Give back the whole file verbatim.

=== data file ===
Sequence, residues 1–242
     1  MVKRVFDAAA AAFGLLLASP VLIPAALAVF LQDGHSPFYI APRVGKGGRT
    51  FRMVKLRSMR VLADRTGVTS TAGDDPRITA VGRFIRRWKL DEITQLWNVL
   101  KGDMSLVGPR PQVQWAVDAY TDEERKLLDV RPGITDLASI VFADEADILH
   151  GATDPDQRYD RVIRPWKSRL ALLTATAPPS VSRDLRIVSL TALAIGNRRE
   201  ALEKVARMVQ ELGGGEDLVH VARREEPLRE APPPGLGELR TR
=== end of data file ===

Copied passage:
Sequence, residues 1–242
     1  MVKRVFDAAA AAFGLLLASP VLIPAALAVF LQDGHSPFYI APRVGKGGRT
    51  FRMVKLRSMR VLADRTGVTS TAGDDPRITA VGRFIRRWKL DEITQLWNVL
   101  KGDMSLVGPR PQVQWAVDAY TDEERKLLDV RPGITDLASI VFADEADILH
   151  GATDPDQRYD RVIRPWKSRL ALLTATAPPS VSRDLRIVSL TALAIGNRRE
   201  ALEKVARMVQ ELGGGEDLVH VARREEPLRE APPPGLGELR TR